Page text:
noun si·lence \ˈsī-lən(t)s\
- A lack of sound or noise
- The sound of an empty school after the last student or teacher or cafeteria supervisor has left for the day.
- The sound of a house that was expecting its occupant to come home today, but they didn’t.
- The sound of someone who would like to speak, would like to shout even, but can’t breathe.
- The sound of a group of people, standing still, heads bowed, candles lit, wax dripping, thoughts sent upward.
- The sound one person not raising his voice against the systemic oppression of another person.
- The sound of a taillight, flickering out.
- The deafening quiet that immediately follows the crack of gunfire.
An indescribably small percentage of musicians can say that their music is etched into a solid gold record that’s hurtling through interstellar space at 39,600 miles per hour towards the star, Gliese 445, some 17.6 light years away from earth.
Blind Willie Johnson is one of those musicians. Continue reading “Interstellar Blues”
Since I have declared the theme of this month Minnesota May on Mishmash (say that ten times fast), I bring to you today a new artist hailing from the great state who has just released a new single. Cobi Mike (who goes by just Cobi), has been met with commendable attention on his third ever single as a solo artist. And for good reason. “Don’t You Cry For Me” is like the beautiful, beautiful love child of Hozier and AWOLNATION…with a touch of gospel. Intrigued? You should be. Continue reading “Flash Review: Cobi”
I was born just early enough to remember life without YouTube, Spotify, and 30-second iTunes previews. In that era, if you wanted to listen to music without paying for it, you had to hear it on the radio or borrow a friend’s CD.
And if you did want to buy music, you had to ask yourself things like: “Do I really love Avril Lavigne enough to buy a whole new album without hearing it first based on the fact that I like the song ‘Sk8er Boi’?” It was a risk.
But it was also fun.
Continue reading “A Soundtrack to Midwestern Roadside Oddities”
Pop music is a funny genre. Firstly, because “Popular Music” unlike “Jazz” or “Teutonic Thrash Metal” doesn’t really have specific musical or lyrical characteristics. It’s defined almost entirely by culture and time: what’s currently popular.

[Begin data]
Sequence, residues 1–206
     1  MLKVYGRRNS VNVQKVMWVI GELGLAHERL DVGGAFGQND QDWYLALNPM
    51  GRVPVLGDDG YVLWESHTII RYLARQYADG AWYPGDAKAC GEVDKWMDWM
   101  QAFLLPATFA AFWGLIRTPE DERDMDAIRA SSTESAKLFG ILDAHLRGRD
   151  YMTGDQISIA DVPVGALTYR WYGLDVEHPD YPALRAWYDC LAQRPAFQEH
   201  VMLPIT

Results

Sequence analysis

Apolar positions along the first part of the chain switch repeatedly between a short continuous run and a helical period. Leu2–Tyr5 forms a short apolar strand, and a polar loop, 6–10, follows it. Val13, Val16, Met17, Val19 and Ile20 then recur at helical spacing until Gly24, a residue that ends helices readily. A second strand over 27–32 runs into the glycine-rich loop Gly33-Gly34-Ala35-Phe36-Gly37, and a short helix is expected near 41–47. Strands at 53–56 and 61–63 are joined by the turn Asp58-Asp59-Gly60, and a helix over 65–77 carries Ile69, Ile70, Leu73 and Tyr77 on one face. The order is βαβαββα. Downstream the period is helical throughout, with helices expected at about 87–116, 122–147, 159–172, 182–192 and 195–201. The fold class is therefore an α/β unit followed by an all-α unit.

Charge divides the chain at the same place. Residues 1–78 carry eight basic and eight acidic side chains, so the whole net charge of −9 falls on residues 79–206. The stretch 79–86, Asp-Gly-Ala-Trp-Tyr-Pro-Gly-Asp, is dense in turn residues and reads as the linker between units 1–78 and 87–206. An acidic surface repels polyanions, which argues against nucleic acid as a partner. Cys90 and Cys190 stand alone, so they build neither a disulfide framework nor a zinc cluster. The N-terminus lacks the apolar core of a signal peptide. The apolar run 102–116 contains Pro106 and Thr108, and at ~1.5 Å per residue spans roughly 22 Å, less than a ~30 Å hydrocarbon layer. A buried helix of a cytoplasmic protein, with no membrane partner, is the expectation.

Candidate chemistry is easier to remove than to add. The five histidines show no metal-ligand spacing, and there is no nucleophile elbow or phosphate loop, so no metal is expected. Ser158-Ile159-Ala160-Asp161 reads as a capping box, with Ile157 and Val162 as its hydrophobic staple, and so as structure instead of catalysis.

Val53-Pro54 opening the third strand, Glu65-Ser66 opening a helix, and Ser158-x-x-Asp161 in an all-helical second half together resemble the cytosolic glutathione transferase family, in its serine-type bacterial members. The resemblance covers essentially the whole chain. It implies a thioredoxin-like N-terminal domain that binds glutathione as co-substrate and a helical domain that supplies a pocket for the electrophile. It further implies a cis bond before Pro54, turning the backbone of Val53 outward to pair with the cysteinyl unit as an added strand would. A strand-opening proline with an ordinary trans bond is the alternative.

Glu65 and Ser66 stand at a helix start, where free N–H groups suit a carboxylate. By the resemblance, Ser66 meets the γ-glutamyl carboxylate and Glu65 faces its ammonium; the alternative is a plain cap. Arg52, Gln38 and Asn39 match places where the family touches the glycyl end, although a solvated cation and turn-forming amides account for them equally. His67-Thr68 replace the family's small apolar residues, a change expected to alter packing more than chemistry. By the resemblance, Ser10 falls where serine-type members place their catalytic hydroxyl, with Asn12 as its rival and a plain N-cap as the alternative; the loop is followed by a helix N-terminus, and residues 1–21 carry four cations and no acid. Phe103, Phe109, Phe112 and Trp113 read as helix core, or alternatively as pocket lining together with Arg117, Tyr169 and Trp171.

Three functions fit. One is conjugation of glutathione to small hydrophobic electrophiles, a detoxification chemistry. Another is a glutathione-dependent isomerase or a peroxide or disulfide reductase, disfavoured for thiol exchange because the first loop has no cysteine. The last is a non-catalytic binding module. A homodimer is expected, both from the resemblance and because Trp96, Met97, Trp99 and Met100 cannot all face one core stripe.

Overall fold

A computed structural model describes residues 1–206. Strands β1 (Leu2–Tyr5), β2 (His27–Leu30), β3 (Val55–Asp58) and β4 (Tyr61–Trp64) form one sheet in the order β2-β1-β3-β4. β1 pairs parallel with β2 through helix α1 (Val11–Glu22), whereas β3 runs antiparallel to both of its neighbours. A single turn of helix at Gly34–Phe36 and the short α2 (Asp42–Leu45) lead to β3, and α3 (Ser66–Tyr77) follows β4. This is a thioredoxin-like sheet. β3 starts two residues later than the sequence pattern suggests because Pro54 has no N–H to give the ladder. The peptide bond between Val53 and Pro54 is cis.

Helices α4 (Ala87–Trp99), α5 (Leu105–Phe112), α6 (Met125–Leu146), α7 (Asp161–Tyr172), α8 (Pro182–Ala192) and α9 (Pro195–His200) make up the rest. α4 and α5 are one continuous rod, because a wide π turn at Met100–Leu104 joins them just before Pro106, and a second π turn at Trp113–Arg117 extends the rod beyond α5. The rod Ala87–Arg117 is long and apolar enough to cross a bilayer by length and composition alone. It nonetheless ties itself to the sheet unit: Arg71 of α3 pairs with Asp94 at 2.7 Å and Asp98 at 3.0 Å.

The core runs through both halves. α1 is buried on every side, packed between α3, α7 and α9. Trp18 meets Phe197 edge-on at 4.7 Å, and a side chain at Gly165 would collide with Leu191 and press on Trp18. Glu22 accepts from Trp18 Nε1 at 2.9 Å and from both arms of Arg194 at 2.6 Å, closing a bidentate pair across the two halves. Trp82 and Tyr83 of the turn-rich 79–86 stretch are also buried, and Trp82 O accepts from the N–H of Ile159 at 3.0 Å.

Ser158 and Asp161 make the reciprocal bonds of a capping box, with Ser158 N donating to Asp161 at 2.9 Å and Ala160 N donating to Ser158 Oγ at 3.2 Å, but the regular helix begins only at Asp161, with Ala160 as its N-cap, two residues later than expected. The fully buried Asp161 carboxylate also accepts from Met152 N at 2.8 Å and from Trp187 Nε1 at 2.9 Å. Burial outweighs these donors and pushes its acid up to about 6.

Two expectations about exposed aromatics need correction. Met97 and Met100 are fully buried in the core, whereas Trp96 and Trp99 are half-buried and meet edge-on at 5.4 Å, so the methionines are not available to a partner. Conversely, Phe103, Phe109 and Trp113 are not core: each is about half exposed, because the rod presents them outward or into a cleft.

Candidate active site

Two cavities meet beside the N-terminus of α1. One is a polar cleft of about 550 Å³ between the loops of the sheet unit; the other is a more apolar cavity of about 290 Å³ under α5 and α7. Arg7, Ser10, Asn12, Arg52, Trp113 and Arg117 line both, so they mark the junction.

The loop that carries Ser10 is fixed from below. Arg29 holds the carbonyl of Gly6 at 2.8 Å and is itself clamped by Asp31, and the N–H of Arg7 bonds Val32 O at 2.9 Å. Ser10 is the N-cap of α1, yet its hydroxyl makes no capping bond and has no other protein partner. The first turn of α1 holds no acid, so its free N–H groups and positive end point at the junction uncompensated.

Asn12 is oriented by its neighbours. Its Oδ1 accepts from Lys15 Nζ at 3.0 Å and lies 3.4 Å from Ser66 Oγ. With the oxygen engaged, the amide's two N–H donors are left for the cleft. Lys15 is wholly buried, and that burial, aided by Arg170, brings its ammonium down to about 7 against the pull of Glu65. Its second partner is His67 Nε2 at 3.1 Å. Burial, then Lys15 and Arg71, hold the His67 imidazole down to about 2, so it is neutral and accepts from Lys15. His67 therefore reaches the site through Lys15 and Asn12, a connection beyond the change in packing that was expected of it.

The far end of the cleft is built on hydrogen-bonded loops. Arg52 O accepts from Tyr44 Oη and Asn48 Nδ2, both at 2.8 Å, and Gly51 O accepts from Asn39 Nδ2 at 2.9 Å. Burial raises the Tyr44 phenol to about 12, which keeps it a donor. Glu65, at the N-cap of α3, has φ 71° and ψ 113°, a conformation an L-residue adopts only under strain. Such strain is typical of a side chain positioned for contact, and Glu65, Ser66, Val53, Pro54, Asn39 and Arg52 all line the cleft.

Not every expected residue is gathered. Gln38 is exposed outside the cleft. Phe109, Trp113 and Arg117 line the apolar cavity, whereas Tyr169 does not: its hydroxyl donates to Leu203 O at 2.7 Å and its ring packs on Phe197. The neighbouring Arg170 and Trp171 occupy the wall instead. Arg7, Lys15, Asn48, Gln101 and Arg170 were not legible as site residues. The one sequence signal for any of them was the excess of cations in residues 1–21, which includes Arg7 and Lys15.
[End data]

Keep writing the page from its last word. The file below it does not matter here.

Seen more as a commercial enterprise than a creative one, Pop is often belittled by ~more serious artists~. The mass-marketed junk food of the music world. “All Pop sounds the same.” Scoff the hipsters as they sip black coffee from a mason jar, some Alt J vinyl spinning in the background.
Don’t get me wrong, I love Alt J. Sometimes I drink my coffee black. I am occasionally that hipster. But let’s be honest. A lot of alternative music sounds the same too. It happens in every genre.
Heck, every Blues song follows the same exact 8- or 12-bar chord progression. It’s what makes it Blues. Yet Somehow there is great Blues. And there is also crappy Blues. HOW?! You may ask. It’s almost as if genre is not a good determining factor of the quality of music.
I have certainly fallen into the trap of disparaging an entire genre of music. I really don’t like reggae. Or at least I thought I didn’t, until I realized that the Arthur Theme Song, AKA the beloved soundtrack to my childhood, was written and performed by none other than Ziggy Marley, prominent reggae artist and son of the legendary Bob Marley. I was enlightened. Humbled. Inspired to revisit my childhood aardvark friend.
Miles Davis said it best: “Good music is good no matter what kind of music it is.”
Ok, so now that that’s out of the way. I want to talk about some new pop.
Continue reading “In Defense of Pop”
Have you ever had an experience so closely linked to music that hearing the familiar chords of a song is like pressing “play” on a memory?
Continue reading “Arcade Fire, Summer School, and Falling Off of Bikes”
A few strums of an acoustic guitar. “HO!”
A few more strums. “HEY!”
And pretty soon you’re merrily singin’ and shoutin’ and stompin’ your boots whilst waving your straw hat and tambourine in the air with your folksy friends on the front porch. That’s what the aptly titled song, “Ho Hey” by The Lumineers feels like.
Continue reading “Grab Your Boots and a Tambourine!”